Here are four industry truths (note: this is not an exhaustive list) my colleagues and I have found that matter in any design climate, but especially during a global pandemic climate.

Some success can be attributed to chance, rather than reasoning

When a big group of people is collectively working on a problem, success may become more likely. Looking at historic examples like the 2008 Global Financial Crisis, there were several analysts credited with predicting the crisis. This may seem miraculous to some until you consider that more than 200,000 people were working in Wall Street, each of them making their own predictions. It then becomes less of a miracle and more of a statistically probable outcome. With this many individuals simultaneously working on modeling and predictions, it was highly likely someone would get it right by chance.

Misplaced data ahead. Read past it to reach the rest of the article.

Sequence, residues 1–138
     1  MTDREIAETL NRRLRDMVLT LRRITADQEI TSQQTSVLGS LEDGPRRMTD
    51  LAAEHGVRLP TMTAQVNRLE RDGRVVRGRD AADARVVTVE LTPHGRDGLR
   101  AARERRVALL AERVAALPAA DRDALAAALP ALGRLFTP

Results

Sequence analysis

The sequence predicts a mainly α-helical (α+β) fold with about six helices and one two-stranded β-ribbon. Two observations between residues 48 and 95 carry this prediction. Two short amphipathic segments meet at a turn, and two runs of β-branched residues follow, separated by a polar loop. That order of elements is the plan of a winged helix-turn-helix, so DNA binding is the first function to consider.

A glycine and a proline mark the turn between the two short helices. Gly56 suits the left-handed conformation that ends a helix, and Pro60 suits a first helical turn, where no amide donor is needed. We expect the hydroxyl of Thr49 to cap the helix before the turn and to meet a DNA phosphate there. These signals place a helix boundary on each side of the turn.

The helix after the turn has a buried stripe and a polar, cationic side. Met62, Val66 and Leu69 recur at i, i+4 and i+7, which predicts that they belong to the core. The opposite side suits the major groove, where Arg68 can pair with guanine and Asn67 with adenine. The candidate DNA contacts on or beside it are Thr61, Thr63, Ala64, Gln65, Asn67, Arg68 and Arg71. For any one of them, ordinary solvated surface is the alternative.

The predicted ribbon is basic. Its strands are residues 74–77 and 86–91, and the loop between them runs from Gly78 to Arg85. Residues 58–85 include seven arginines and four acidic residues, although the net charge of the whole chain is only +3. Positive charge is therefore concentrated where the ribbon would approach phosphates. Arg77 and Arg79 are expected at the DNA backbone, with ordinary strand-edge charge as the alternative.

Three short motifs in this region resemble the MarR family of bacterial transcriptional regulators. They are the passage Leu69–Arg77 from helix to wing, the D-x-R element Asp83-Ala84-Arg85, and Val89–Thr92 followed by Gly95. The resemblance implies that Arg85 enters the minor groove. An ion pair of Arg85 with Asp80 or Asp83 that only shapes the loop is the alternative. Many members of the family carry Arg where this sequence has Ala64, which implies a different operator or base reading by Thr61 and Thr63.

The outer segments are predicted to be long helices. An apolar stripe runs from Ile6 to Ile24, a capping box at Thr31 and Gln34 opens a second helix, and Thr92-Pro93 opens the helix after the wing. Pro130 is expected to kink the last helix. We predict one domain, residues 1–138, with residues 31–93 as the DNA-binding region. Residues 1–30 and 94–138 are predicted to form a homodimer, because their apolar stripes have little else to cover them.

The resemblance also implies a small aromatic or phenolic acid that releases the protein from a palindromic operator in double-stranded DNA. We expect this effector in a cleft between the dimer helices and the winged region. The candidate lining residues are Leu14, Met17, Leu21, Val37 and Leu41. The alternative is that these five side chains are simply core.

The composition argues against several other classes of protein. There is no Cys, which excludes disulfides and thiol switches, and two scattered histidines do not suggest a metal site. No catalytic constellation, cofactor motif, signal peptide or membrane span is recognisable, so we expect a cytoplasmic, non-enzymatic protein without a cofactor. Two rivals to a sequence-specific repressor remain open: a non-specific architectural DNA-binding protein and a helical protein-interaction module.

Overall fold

Similarly, with COVID-19 there are a lot of people involved, from statistical modelers and data scientists to vaccine specialists, and there is also an overwhelming eagerness to find solutions and concrete data-based answers. Following appropriate statistical rigor, coupled with machine learning and AI, can improve these models and decrease the chances of false predictions that arrive from too many predictions being made.

Automation can help in maintaining productivity if used wisely

During a crisis, time-management is essential. Automation technology can be used not only as part of the crisis solution, but also as a tool for monitoring productivity and contributions of team members working on the solution. For modeling, automation can also greatly improve the speed of results. Every second a piece of software can perform automation for a model, it allows a data scientist (or even a medical scientist) to conduct other more important tasks. User-friendly platforms in the market now give more people, like business analysts, access to predictions from custom machine learning models.